The 4-Putt (Four-Putt) in Golf

What is a 4-putt in golf? Something you want to avoid, because it is 33-percent worse than a 3-putt — but feels about 100-percent worse.

If it takes you four putts to get your ball into the hole after reaching the green, you just four-putted. You missed your first putt, hit your second one and missed again, stroked your third and missed again, then finally, on your fourth attempt, you got the ball in the hole. That's a four-putt.

Three-putts are considered one of the bogeymans of golf, so, obviously, a four-putt is even worse. And virtually all recreational golfers will, in fact, four-putt. But don't despair, because even the world's best golfers still occasionally four-putt in tour events. The video above shows a handful of them doing it.

Not all four-putts (also called four-jacks) have to kill a competitor's chances in a tournament or even a good score for a round, though. It depends on the talent level of the player (obviously!), but also how well he or she is at controlling anger and emotion and moving on from bad scores. Jon Rahm began the 2023 Masters Tournament by 4-putting the very first green. He wound up winning the tournament.

In the Foreward to Ben Hogan's classic golf instruction book, Five Lessons: The Modern Fundamentals of Golf (affiliate link), the writer tells a tale familiar to most golfers: How we have a rough day at the course and swear off the game, only to hit a great shot near the end that keeps us coming back. Then, we'll have a great round and believe we've learned the secret. That's when golf brings us back down to earth, humbling us again:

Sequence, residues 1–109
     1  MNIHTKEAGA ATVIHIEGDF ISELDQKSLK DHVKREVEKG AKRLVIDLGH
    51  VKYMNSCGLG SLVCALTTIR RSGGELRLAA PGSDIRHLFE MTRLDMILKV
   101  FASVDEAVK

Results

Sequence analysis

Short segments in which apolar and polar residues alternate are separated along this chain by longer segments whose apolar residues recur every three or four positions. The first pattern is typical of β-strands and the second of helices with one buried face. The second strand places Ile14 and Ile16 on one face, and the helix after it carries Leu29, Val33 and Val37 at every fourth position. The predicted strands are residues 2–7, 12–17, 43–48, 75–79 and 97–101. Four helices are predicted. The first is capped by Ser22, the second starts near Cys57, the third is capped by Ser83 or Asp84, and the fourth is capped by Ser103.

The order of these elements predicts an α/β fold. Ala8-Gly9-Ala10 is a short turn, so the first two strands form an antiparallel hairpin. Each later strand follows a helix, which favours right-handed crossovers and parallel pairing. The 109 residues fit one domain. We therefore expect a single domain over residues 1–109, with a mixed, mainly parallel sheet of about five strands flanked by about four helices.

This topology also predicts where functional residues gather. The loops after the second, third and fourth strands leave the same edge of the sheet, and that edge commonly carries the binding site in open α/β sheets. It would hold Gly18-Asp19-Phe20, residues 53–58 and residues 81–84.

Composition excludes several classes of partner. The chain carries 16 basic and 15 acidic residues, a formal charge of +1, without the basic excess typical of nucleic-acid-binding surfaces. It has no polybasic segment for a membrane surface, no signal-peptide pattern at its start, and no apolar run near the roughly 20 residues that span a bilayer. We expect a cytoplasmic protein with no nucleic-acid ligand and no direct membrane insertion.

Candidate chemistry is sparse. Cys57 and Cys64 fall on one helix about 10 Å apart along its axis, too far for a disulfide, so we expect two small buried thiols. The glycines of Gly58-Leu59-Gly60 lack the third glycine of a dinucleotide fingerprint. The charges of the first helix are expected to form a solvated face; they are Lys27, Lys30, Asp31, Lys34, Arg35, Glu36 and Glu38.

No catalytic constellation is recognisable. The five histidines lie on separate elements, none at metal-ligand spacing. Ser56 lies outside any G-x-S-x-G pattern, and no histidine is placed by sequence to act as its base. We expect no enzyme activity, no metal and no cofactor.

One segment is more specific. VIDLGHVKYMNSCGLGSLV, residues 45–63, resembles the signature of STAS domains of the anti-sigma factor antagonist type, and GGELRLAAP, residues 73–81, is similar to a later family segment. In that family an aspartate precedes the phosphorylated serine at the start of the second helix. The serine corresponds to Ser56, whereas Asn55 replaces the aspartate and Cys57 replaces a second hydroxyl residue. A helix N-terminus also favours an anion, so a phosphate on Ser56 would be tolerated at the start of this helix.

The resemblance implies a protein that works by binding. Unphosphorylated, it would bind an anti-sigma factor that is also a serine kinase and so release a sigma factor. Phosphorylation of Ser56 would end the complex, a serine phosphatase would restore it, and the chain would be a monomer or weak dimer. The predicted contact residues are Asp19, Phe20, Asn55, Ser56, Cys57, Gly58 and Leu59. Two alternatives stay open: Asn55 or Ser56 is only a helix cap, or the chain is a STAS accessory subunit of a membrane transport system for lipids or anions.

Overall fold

"He will slice his drive, he will blunder his way back onto the fairway and into a trap, he will four-putt the green. He will be chastened. He will know humility again."
In her autobiography, This Life I've Led (affiliate link), Babe Didrikson Zaharias told the story of her first full round of golf. She partnered the famous sportswriter Grantland (Granny) Rice against two opponents. And while she estimated her score at around 100, Zaharias and Rice were all square after 17 holes. On the 18th hole, Rice suggested to Zaharias that she challenge one of the men in the other pairing to a race to the 18th green. The man accepted, and he lost. That's not all he lost, Zaharias wrote: "He was so winded he had to lie down on the grass and catch his breath. When he finally got up, he four-putted the green. Granny and I won the hole and the match."

Related articles:

(Book titles are affiliate links; commissions earned)
Davies, Peter. The Historical Dictionary of Golfing Terms, 1993, Robson Books.
Hogan, Ben, and Wind, Herbert Warren. Five Lessons: The Modern Fundamentals of Golf, 1957, Simon and Schuster.
Zaharias, Babe Didrikson. This Life I've Led, 1955, A.S. Barnes.

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